Kristen Keim
2 minute read

Check out example projects where students can take the lead.

If you haven’t yet decided what to do for your Green Apple Day of Service project this year, consider letting your students decide! Giving students autonomy allows them to act on their passion for sustainability in their own school and measure their impact. Additionally, with the global rise in youth climate activism, empowering students to use their voice to directly influence their community can be meaningful and easy with the right resources and support.

While some students will know exactly what issue they’d like to tackle, it may be helpful to provide some example projects they can work from. Here are our three favorite project ideas for students to take the lead:

1. Lead a cafeteria waste audit and reduction campaign.

Cafeteria waste reduction is a great place to start on sustainability issues, because it’s a central location where every student spends time each day. Help students set up an audit of the school’s food waste, measure a typical day’s worth of waste and identify ways to reduce the amount being sent to the landfill. Students can work with cafeteria staff to develop a new system for the cafeteria waste flow and educate others on using the new system. After a week has passed, schedule another audit to measure landfill waste and identify the items that are sorted incorrectly. Keep the initiative up all year by setting a waste reduction goal and communicating your progress to the rest of the school.

There are many resources to get students started on a cafeteria waste project. WWF's Food Waste Warrior Toolkit is a three-part lesson for every step of a food waste audit. If your students are interested in food donation, check out our Sharing the Table: A Roadmap to Reducing and Recovering Surplus Food in Schools.

2. Advocate for green cleaning policies.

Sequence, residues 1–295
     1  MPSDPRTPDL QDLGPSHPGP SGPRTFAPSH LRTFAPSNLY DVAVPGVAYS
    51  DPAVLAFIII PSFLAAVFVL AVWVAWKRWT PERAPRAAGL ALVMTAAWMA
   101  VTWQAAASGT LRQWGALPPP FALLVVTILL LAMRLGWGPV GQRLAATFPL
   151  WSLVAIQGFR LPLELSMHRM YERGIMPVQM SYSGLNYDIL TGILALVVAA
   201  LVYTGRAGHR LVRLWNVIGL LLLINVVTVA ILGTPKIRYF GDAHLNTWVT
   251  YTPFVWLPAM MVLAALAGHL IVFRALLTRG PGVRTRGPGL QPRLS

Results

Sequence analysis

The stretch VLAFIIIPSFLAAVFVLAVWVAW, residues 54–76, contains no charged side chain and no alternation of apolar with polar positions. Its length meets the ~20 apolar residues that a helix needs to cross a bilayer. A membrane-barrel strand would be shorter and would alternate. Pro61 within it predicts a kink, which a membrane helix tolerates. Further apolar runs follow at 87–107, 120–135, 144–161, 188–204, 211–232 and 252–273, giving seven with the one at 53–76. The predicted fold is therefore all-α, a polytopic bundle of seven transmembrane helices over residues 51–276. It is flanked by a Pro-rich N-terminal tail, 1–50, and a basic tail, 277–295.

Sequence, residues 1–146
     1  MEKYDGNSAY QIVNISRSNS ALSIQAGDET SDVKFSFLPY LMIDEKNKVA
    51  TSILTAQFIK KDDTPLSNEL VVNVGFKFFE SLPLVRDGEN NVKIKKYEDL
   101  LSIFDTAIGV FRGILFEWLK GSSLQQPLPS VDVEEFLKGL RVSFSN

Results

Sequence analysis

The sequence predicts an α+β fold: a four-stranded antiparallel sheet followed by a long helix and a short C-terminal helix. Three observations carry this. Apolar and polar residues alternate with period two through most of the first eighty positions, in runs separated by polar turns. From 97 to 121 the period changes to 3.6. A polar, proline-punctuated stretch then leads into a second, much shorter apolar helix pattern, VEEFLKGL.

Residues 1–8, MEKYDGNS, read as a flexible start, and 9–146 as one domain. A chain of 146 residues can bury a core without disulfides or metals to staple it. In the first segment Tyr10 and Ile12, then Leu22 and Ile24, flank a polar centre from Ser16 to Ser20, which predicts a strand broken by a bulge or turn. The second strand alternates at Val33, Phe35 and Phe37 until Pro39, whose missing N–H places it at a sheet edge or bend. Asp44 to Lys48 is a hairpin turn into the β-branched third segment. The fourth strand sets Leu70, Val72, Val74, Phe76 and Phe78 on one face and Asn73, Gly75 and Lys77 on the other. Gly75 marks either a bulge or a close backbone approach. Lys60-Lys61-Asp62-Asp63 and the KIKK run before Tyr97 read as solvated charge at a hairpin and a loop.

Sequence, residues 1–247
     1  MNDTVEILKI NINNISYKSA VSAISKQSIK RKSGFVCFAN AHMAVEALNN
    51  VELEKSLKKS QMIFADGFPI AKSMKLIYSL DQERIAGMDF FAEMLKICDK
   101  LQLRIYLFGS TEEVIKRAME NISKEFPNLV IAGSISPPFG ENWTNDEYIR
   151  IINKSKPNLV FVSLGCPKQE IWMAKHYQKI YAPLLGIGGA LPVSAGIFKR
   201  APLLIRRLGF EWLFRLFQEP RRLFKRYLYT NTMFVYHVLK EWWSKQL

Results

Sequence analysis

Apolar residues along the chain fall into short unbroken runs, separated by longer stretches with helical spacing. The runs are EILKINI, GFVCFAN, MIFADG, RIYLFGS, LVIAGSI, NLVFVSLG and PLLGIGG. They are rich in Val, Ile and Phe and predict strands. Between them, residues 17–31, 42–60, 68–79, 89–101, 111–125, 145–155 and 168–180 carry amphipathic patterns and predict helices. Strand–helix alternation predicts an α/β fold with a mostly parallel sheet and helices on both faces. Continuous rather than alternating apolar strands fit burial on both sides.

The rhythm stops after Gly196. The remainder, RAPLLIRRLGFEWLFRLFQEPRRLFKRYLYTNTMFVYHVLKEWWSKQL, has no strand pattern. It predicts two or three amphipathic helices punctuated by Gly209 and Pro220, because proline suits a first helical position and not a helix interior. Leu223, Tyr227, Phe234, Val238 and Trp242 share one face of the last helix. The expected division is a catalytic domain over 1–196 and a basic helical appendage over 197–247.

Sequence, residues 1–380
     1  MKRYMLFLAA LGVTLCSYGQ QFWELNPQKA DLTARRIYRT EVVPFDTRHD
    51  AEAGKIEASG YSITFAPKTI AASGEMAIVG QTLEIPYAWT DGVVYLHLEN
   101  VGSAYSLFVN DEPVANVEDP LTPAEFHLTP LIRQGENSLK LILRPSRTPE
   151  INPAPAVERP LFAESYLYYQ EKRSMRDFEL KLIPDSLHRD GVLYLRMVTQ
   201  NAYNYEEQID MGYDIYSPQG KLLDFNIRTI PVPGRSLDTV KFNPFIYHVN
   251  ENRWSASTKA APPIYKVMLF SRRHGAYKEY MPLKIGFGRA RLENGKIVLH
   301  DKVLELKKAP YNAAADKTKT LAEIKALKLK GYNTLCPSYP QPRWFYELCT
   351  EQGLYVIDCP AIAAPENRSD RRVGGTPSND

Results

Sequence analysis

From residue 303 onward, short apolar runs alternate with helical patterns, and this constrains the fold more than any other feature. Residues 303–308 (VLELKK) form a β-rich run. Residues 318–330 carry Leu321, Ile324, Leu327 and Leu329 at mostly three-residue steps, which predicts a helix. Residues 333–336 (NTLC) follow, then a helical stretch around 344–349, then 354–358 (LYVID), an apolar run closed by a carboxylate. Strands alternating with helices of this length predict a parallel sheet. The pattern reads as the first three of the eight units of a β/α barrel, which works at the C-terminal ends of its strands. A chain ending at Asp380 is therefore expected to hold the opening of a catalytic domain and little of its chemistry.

School cleaning policies have major consequences; harsh chemicals can lead to an increase in asthma incidents and absences and are often harmful to the environment. Get a team together to review current policies, research alternatives and any possible expenses, and draft new green cleaning policies to bring to leadership at the school. Once the policies are approved, educate fellow staff and students on how they can contribute to keeping their school healthy and clean.

This green cleaning project idea has all the resources and steps you’ll need to help students get started. Additionally, our School Board Advocacy Toolkit will help you take the issue up with your school’s leadership and the district for an even bigger impact.

3. Create a map of the school’s sustainability initiatives.

Does your school have bike racks, recycling bins, compost bins and other easy-to-miss items and initiatives? Your students can get their peers and school staff involved by identifying all the ways they can contribute through a school map. Educate everyone on the proper use of each and hand out the maps for easy reference. You can even assign student roles, such as student ambassador and sustainability monitor.

For inspiration, check out Northeastern University’s similar project from this year. Krissy Govertson, a Ph.D. student, worked with a mapping expert and volunteers to update campus maps with sustainable initiative markers to improve the campus’ overall sustainability. Find guidance and resources for this project.

Register your Green Apple project